CONAKRY, Sept 25 (Reuters) - Mining firm BSG Resources’ threat to sue investment bank BTG Pactual over alleged misdealings with Guinea’s government is “insulting, fantastical, and contradictory”, the country’s Presidency said on Tuesday.
BSG is developing a portion of Guinea’s Simandou iron ore project with partner Vale, though tensions have risen with the government over the financing of infrastructure and a revamp of the West African state’s mining code.
A newspaper in Brazil reported on Sunday that BSG was preparing to sue BTG Pactual, which it accuses of misusing its role as an adviser to Guinea’s government to win licenses for a holding company at BSG’s expense.
BSG is owned by Israeli billionaire Beny Stenmetz. A BSG official in Conakry said he was not aware of the plans for a lawsuit, and other BSG officials were not immediately available to comment.
“The allegations are at once insulting, fantastical, and contradictory,” Mines Minister Mohamed Lamine Fofana said in an email forwarded to Reuters by Guinea’s Presidency. “The negotiations underway between the state and potential partners are happening in a perfectly legal, open and transparent manner,” he said.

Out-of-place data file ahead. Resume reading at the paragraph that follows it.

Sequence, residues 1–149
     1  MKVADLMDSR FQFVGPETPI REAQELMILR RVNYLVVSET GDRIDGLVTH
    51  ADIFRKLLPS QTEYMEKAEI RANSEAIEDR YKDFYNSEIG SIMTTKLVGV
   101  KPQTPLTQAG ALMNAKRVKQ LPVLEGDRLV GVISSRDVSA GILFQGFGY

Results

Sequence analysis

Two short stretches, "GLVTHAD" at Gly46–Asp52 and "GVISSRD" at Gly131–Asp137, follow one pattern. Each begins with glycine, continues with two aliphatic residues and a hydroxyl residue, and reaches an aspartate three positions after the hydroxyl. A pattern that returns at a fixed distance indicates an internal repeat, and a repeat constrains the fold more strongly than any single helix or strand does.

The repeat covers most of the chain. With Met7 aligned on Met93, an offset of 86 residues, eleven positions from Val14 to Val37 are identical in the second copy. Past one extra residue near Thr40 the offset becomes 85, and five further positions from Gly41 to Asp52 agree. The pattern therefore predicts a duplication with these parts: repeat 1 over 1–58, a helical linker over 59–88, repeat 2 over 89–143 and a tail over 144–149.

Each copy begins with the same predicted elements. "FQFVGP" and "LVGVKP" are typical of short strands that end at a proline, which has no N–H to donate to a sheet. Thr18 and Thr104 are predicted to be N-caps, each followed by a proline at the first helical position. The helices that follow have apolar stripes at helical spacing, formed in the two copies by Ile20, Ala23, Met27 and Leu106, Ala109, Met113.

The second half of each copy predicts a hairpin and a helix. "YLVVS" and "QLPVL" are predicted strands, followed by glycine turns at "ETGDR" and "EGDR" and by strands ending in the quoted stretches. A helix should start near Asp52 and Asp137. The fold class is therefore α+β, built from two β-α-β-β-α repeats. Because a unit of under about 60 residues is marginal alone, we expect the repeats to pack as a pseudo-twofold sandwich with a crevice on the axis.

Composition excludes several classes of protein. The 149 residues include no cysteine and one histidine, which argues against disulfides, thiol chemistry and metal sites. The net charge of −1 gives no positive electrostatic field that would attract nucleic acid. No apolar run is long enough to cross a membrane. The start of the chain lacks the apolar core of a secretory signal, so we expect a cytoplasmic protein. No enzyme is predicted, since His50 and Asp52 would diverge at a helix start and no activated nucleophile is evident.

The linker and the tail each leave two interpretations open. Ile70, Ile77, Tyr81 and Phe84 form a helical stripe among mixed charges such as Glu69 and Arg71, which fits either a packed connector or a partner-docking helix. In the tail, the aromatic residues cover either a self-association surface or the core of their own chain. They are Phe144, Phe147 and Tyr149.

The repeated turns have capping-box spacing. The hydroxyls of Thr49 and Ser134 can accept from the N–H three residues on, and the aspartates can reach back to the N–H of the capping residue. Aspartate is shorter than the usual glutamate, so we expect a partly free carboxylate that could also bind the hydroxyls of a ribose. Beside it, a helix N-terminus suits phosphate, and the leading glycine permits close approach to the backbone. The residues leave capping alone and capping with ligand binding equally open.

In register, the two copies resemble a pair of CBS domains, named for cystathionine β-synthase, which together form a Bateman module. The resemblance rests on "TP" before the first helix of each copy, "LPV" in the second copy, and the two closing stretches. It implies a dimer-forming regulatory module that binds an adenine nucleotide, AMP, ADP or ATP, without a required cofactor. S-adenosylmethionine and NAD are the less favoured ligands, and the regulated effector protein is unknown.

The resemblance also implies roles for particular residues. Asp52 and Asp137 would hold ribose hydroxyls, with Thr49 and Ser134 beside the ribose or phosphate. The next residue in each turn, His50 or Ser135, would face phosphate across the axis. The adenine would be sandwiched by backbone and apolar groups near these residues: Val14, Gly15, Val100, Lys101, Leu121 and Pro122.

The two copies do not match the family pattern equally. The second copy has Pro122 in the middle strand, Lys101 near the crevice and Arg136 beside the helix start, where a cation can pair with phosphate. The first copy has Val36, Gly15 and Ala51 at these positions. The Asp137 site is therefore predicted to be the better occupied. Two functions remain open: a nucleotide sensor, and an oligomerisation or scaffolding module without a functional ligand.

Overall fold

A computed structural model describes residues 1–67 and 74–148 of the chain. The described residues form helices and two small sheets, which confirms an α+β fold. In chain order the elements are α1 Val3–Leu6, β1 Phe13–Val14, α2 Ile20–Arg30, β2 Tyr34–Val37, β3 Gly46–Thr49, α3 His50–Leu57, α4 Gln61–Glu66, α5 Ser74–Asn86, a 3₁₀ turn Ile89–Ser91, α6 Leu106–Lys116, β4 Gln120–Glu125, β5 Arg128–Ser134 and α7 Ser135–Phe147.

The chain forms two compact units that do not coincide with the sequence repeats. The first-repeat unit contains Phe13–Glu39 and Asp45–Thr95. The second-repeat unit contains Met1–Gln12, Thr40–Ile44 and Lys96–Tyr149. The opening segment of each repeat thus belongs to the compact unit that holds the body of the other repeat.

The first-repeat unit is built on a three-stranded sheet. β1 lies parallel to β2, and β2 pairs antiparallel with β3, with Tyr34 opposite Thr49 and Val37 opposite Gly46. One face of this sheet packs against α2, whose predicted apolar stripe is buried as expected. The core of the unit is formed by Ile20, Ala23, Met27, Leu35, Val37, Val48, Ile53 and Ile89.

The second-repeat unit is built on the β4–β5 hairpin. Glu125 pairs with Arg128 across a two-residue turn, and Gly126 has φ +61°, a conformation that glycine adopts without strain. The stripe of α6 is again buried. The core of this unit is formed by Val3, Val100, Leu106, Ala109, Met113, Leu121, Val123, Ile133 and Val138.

He added that Guinea was consulting BTG Pactual and B&A, a holding company BTG Pactual formed with partner AGN Participacoes, for financing of a trans-Guinean railway line that would link Simandou to port.
He said the talks did not pose a threat to the Simandou blocks operated by the BSG and Vale joint-venture.
Guinea is the world’s top supplier of the aluminum ore bauxite and holds rich deposits of iron ore, but the country is struggling to maintain foreign investment amid deepening political turmoil, labour unrest, and a government review of mining contracts.
Brazilian mining giant Vale initially held the contract for upgrading the trans-Guinean railway line, but the deal was canceled by President Alpha Conde after he was elected in 2010. Rio Tinto, which is developing another part of Simandou along with joint venture partner Chinalco, is also interested in the contract.